Command Injection is an attack that allows an attacker to run system commands to a computer via a vulnerable application (e.g. a website). This happens when the application fails to encode/escape user input that goes into a system shell. It is very common to see this vulnerability when a developer uses the
system() command or its equivalent in the programming language of the application.
import os domain = user_input() # User controlled input (e.g. example.com) os.system('ping ' + domain)
The above code when used normally will ping the
But what would happen if the
user_input() function returned data that was more complicated than just a domain name? For example what if the input contained semicolons?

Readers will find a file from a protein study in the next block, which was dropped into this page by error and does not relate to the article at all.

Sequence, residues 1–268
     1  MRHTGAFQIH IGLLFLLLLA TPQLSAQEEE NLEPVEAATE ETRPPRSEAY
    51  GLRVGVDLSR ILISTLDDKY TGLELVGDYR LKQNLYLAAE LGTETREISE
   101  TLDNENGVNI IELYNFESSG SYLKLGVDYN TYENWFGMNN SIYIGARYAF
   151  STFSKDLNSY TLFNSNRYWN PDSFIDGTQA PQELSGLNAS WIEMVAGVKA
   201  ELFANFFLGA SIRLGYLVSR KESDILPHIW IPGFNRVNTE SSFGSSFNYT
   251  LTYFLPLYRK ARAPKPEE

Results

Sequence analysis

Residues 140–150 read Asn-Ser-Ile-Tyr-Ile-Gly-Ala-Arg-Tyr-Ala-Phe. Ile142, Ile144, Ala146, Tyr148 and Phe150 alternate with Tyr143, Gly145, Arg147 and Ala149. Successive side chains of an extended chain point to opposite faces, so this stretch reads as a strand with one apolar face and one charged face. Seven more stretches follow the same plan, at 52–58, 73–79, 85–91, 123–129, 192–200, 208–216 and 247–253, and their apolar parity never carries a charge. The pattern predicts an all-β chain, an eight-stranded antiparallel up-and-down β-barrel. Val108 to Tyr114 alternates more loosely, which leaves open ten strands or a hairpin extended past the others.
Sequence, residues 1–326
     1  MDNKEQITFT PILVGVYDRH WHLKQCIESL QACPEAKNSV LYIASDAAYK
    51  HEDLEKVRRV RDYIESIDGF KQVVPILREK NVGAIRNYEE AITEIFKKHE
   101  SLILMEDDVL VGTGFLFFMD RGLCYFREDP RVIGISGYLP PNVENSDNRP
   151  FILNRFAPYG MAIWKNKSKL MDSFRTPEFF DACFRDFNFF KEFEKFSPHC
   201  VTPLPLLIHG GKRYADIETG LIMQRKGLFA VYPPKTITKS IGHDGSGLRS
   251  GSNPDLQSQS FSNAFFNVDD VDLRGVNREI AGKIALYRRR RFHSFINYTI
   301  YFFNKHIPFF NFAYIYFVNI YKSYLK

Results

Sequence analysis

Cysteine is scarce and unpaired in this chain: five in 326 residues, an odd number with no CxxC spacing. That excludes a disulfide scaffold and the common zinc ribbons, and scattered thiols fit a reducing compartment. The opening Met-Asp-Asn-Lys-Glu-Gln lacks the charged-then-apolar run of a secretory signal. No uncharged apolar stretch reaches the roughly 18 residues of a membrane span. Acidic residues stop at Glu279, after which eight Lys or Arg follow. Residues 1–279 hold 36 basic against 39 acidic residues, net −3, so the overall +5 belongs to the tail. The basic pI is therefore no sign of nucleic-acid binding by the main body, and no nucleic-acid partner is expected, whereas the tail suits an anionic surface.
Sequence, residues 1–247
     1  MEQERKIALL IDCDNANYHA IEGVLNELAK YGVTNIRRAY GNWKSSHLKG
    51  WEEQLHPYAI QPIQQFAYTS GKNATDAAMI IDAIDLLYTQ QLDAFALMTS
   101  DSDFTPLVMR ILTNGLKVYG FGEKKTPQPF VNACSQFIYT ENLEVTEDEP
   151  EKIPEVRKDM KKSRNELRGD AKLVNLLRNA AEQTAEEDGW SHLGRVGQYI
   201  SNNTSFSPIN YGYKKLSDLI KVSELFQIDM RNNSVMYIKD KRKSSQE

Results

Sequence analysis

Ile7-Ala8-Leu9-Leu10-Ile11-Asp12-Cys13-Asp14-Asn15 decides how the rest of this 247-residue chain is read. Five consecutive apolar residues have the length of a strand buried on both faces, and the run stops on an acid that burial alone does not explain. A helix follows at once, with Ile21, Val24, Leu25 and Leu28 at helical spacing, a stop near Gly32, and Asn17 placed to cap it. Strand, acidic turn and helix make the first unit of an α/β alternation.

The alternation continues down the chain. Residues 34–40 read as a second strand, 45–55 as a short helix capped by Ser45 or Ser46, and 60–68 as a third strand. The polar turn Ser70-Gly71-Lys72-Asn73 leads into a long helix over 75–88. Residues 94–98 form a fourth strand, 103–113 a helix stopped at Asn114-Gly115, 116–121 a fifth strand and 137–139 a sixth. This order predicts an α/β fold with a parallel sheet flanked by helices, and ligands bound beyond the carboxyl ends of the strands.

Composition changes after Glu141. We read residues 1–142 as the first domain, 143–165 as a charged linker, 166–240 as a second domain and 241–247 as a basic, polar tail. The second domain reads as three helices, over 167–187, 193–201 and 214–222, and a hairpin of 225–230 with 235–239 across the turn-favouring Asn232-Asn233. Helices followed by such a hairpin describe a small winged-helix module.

import os domain = user_input() # ; ls os.system('ping ' + domain)
Because of the additional semicolon, the
os.system() function is instructed to run two commands.
It looks to the program as:
ping ; ls
The semicolon terminates a command in bash and allows you to put another command after it.
ping command is being terminated and the
ls command is being added on, the
ls command will be run in addition to the empty ping command!
This is the core concept behind command injection. The
ls command could of course be switched with another command (e.g. wget, curl, bash, etc.)
Command injection is a very common means of privelege escalation within web applications and applications that interface with system commands. Many kinds of home routers take user input and directly append it to a system command. For this reason, many of those home router models are vulnerable to command injection.